My name is Cassie Hunt and I was born in an extremely disadvantaged area of North Dublin called Darndale. With Darndale as an address many residents already face a stigma which would result in fewer job and education opportunities. However, I had the added stigma and disadvantage of being the child of drug addicts. Both of my parents were heroin addicts years before I was born. My father was in prison. This all meant that my story seemed to be mapped out for me already.
Education was an escape in my younger years, I enjoyed primary school. My good performance equalled positive attention from adults, which I craved, but, unfortunately this didn’t travel to second level with me. In secondary school I was encouraged not to attend by my mother, and I began acting out. This was the first time in my life I was a bad student. This led me to realize that my life would never be more than what had been decided by statistics for me when I was born if I didn’t make some choices about the direction of my life and how I wanted to live.
Luckily enough for me, my secondary school was linked heavily with DCU. While in 4th year I was involved in the UniTY programme. I met various members of the Access service who reassured me that college was achievable for someone like me. Until this point in my life college was a completely foreign concept. Not a single member of my family (both immediate and extended) had ever attended college, nor had anyone from my area. The realization that grants, scholarships and bursaries were available to me completely changed my mindset. From this point on I decided that college was how I would break the possible cycle of teenage pregnancy, addiction and poverty within my life.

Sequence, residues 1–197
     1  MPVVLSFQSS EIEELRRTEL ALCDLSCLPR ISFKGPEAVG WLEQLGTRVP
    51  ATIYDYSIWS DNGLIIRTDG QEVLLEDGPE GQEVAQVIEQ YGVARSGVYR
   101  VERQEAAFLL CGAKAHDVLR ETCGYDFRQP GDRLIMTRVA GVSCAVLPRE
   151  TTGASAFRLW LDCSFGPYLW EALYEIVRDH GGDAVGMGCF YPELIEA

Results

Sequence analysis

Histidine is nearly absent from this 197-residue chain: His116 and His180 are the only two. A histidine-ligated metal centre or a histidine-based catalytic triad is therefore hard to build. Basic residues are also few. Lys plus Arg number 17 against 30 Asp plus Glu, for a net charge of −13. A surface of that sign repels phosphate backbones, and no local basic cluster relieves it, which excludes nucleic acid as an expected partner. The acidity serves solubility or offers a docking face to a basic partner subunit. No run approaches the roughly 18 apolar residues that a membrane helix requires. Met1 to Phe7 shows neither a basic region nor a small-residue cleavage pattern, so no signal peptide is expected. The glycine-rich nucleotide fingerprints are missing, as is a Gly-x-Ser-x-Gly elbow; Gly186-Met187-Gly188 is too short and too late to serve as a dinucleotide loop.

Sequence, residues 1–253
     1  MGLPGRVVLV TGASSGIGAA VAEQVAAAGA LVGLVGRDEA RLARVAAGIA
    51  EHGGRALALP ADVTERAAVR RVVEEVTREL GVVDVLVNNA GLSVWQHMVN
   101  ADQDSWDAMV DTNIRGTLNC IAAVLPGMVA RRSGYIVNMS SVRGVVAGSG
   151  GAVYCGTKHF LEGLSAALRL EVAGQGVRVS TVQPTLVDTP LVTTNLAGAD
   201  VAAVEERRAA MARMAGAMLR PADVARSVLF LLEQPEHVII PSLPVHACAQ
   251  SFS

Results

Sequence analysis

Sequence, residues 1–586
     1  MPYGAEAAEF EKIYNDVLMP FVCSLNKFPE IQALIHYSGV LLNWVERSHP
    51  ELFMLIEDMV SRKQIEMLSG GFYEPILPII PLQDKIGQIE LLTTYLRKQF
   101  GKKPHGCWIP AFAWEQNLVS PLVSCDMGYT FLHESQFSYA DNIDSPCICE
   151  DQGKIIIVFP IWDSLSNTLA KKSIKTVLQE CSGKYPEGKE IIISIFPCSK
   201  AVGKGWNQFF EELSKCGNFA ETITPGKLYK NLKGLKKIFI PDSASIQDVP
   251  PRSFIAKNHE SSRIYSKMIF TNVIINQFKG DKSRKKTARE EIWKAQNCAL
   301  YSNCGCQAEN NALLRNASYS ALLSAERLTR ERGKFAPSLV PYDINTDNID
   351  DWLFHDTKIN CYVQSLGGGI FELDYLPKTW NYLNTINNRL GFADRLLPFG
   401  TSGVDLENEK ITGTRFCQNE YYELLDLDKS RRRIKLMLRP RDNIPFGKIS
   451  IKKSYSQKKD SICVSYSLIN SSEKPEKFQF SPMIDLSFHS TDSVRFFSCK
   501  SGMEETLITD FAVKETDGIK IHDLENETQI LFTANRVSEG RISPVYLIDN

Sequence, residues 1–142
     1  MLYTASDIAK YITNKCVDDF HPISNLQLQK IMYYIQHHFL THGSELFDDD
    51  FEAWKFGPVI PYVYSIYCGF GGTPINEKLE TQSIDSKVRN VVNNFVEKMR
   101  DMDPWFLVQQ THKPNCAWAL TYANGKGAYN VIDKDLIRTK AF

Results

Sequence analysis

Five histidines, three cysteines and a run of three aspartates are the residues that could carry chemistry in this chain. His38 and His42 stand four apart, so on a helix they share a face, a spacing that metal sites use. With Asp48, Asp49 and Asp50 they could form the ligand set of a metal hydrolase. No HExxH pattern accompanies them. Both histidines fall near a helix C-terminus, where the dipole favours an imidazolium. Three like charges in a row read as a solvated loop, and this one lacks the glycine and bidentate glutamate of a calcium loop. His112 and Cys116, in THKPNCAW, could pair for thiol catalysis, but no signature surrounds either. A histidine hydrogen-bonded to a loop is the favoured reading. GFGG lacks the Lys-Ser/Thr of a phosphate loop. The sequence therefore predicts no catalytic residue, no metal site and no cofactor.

This goal was something I kept close to my heart until sixth year. This was when I finally opened up to my guidance counsellor about what I was dealing with and experiencing at home. My guidance counsellor arranged a meeting with my principal. They helped create smaller goals for me that would help me achieve a place in college.
Due to my mother’s addiction simple things like homework were made difficult for me as my home was constantly chaotic. I was in a constant state of worry for her wellbeing. I was extremely lucky to have had such one-on-one care from the staff at my school and I sat the best Leaving Cert that I possibly could have at the time. Unfortunately, I did not reach the minimum results for university.
Instead of dwelling on this I took it in my stride and accepted that my route of higher education would not be as straight forward as I had hoped. I spent a year doing a PLC [post-leaving certificate course] before I finally got my long-awaited place in DCU.
Before beginning lectures, I met with my Access worker and I found out that the supports available to me were much more than financial. They included emotional and academic supports, which have been critical to my success in college. My experience within college has been turbulent and has included both highs and lows. The Access service has been by my side the entire time.
I have been fortunate enough to have been awarded the opportunity to become an Access ambassador. This puts me in the shoes of the people who gifted me with the tools and knowledge that I too could reach college. This experience has been profound and the experience of giving back has been so rewarding.
Right now, I am entering my final year and am far from the neglected child I once was. I live completely independently and have removed myself from the toxic parts of my family. I did all of this by taking control of my own future [starting] with the small step of making choices for myself and the guiding light of my guidance counsellor and the Access service of DCU.
After my degree I plan on doing a Master of Education, and I hope to become the person I needed when I was younger. I hope that my situation and how I changed my future through college education can help give hope to someone else that college is achievable and accessible to anyone regardless of socio-economic background.